Evaluation of Soft Tissue Attachments to a Novel Intra-abdominal Prosthetic in a Rabbit Model.
ABSTRACT Background. Laparoscopic ventral hernia repair requires placement of an intraperitoneal prosthetic. Composite mesh types have been developed to address the shortcomings of standard meshes. The authors evaluated the host reaction to intraperitoneal placement of a novel composite material. Materials and Methods. A comparison of an innovative polypropylene/polylactide composite mesh was made to Parietex Composite (PCO), Proceed, and DualMesh. Eighteen meshes per group were implanted on intact peritoneum in New Zealand White rabbits. The main outcome measures included the formation of visceral adhesions, adhesion tenacity, tensiometric measurements, and histological analysis. Evaluations of adhesions were made at 1, 4, and 16 weeks using a 2-mm minilaparoscopy. Results. There were no significant differences in the mean adhesion scores between the composite mesh types at week 1 (P = .15) and week 16 (P = .06). At 4 weeks, PCO had significantly fewer adhesions when compared with the other 3 mesh types (P = .02). Adhesion tenacity was also equivalent within the group at 16 weeks (P = .06). Tensiometry and histological analysis revealed no statistically significant differences between the mesh types. Conclusions. Four different composite mesh types had equivalent intra-abdominal soft tissue attachments in a rabbit model after a 16-week implantation period. PCO demonstrated the lowest mean adhesion score of each mesh type. Each mesh exhibited equivalent stiffness and energy to failure after explantation. The 4 composite mesh types demonstrated the successful formation of a neoperitoneum and comparable host biocompatibility as evidenced by similar degrees of inflammation.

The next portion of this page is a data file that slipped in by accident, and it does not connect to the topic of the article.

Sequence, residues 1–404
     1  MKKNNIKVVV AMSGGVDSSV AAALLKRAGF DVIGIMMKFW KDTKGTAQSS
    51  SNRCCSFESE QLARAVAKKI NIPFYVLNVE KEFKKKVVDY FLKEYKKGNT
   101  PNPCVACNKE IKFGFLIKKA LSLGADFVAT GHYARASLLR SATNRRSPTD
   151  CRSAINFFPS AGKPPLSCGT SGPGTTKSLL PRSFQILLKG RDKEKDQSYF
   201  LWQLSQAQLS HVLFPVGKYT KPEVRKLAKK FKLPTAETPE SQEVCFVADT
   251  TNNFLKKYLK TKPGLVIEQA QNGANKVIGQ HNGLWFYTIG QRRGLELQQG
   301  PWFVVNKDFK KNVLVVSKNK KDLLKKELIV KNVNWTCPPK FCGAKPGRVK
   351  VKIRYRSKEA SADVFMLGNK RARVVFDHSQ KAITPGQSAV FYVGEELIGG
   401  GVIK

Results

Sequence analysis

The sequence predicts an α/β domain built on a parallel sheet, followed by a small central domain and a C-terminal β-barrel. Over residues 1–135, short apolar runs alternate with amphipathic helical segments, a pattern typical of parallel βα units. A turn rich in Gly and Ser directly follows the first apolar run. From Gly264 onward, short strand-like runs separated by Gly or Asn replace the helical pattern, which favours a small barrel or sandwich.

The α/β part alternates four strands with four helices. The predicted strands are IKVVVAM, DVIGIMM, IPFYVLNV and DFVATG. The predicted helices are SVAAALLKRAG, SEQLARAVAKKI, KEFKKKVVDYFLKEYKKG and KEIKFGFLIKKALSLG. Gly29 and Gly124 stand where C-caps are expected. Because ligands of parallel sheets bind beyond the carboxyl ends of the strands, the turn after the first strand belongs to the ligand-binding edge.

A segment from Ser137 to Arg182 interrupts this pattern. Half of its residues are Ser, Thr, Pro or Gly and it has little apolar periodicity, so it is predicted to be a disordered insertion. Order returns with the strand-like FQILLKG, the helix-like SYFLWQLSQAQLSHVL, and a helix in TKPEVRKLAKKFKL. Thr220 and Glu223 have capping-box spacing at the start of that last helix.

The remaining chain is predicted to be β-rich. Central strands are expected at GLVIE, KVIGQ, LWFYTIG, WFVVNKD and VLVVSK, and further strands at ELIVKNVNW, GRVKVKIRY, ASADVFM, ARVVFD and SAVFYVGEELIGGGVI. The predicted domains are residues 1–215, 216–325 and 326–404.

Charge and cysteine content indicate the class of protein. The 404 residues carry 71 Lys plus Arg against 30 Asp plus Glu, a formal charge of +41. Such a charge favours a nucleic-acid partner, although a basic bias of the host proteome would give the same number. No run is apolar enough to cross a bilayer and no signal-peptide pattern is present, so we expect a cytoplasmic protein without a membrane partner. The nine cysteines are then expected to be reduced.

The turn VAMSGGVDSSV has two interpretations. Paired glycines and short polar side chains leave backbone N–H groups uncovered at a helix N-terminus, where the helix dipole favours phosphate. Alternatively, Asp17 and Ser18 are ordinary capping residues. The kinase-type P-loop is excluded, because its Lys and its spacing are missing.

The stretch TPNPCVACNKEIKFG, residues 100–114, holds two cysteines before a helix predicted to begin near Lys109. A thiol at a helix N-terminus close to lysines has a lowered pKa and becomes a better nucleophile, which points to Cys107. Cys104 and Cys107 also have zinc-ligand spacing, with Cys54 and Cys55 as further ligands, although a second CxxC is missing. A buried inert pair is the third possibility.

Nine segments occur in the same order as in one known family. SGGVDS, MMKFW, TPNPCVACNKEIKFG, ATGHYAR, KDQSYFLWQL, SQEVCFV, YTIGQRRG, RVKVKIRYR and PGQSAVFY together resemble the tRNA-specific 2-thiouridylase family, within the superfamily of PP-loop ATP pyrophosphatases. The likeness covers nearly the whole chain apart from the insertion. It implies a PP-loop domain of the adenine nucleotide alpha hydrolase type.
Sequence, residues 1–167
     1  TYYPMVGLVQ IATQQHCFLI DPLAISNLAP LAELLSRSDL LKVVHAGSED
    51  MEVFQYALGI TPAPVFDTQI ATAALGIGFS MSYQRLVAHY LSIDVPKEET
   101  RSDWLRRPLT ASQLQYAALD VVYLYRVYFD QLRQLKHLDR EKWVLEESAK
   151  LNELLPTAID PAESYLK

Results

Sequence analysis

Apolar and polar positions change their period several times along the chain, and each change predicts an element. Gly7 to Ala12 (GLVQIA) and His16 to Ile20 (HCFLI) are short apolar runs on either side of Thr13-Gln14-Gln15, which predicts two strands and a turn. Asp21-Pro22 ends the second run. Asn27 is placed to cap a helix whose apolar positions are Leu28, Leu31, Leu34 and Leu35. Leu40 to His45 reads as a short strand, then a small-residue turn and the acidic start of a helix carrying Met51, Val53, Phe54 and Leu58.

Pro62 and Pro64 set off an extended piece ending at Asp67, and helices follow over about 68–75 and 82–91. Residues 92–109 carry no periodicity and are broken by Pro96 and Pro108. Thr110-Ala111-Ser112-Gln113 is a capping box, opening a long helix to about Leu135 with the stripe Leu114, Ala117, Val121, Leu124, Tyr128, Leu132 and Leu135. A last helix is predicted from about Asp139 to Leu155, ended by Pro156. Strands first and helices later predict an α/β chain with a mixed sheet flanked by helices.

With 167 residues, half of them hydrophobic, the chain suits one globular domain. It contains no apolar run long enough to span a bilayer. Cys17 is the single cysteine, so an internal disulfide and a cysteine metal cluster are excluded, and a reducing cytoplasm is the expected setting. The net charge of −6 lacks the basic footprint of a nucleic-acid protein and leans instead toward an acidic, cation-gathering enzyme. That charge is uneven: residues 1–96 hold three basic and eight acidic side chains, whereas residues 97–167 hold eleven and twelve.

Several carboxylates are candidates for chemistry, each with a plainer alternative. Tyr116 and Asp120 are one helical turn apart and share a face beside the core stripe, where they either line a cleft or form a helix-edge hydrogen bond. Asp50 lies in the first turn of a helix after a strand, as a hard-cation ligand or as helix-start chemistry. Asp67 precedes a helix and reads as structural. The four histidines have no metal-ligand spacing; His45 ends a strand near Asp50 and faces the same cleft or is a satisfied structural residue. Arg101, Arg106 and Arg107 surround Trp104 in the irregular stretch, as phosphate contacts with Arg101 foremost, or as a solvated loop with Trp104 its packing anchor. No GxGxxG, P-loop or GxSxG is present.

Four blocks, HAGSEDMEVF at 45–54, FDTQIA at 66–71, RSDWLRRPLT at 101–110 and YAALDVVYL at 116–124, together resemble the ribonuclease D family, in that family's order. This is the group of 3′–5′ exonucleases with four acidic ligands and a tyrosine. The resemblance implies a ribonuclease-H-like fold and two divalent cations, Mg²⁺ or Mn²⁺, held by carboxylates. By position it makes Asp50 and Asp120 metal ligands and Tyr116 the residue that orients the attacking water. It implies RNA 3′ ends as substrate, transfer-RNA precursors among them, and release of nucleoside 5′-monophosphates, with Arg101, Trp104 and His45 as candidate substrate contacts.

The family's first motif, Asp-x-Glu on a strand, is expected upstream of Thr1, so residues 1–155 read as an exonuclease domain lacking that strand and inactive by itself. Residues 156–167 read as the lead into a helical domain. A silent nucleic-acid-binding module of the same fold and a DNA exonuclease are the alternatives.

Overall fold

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ABSTRACT: To investigate abdominal wound healing using specific biomaterials in incisional hernias. Incisional hernias were produced in 40 rabbits, after that they were reoperated with or without the use of meshes: PREMILENE® (PPL), ULTRAPRO® (UP), PROCEED® (PCD) or repairing without mesh (TRANSPALB). After 30 days a macroscopic and microscopic study of the part withdrawn from the abdominal wall was performed. Macroscopic: adhesion Area: PPL> UP and PCD (p = 0.031). Vascularization: PPL> UP and PCD (p = 0.001). PPL groups (p = 0.032) and PCD (p <0.001) showed greater meshes shrinkages when compared to UP. Microscopic: neutrophils: PCD> PPL, UP and TRANSPALB (p = 0.010); eosinophils: PPL> UP, and TRANSPALB PCD (p = 0.010); granulation tissue: PPL and PCD> UP and TRANSPALB (p <0.001); macrophages : PPL, UP and PCD> TRANSPALB (p <0.001); lymphocytes: PPL and PCD> UP (p = 0.009) and TRANSPALB (p <0.001); giant cells: PPL, UP and PCD> TRANSPALB (p <0.001); viscera adhered: PPL and UP> PCD and TRANSPALB (p <0.001). All types of meshes caused the formation of adhesions. The UP and PCD groups showed lower area and vascularization of the adhesions. The PPL and PCD groups showed higher meshes shrinkage and there was a predominance of acute inflammatory process in the PCD group.Acta cirurgica brasileira / Sociedade Brasileira para Desenvolvimento Pesquisa em Cirurgia 04/2013; 28(4):307-16. · 0.48 Impact Factor